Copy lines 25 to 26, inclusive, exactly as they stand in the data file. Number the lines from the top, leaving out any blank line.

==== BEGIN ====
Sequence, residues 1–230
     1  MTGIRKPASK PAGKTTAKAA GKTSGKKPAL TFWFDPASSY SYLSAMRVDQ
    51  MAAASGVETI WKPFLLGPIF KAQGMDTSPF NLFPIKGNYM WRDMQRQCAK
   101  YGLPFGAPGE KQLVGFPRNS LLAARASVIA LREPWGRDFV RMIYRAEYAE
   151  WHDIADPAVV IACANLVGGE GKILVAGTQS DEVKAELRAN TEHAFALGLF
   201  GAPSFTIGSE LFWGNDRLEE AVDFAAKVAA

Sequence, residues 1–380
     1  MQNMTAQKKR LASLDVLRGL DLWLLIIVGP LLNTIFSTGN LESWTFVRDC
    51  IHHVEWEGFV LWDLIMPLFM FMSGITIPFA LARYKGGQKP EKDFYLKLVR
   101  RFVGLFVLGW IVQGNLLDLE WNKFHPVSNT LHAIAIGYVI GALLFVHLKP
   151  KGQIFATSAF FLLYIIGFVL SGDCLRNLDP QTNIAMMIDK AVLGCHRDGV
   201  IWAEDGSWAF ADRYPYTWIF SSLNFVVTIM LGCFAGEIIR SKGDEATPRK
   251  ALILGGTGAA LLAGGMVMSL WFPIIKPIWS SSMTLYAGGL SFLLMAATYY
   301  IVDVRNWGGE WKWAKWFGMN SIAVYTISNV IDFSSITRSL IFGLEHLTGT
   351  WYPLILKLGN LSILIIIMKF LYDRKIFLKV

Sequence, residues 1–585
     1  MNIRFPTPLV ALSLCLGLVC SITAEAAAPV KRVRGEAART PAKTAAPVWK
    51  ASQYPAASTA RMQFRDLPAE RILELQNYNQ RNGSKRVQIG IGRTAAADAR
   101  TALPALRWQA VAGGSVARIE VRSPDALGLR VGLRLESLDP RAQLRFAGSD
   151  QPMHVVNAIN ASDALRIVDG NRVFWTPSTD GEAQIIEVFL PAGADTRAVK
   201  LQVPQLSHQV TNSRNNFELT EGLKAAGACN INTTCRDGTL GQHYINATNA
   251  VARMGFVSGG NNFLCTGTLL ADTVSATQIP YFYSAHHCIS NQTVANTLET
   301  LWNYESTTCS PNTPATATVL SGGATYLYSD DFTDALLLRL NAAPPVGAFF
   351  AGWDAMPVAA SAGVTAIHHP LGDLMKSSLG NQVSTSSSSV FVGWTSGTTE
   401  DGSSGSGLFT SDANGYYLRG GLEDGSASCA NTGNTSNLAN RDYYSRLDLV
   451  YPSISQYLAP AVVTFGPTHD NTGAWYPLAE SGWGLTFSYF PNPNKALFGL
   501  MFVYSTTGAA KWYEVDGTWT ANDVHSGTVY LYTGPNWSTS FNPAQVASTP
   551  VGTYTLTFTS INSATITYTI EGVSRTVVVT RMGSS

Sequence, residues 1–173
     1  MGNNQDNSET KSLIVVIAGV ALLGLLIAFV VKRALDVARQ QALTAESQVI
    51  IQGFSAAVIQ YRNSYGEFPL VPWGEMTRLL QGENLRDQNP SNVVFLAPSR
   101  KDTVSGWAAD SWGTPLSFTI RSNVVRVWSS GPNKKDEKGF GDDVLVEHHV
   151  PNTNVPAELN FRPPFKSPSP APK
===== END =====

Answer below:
   401  DGSSGSGLFT SDANGYYLRG GLEDGSASCA NTGNTSNLAN RDYYSRLDLV
   451  YPSISQYLAP AVVTFGPTHD NTGAWYPLAE SGWGLTFSYF PNPNKALFGL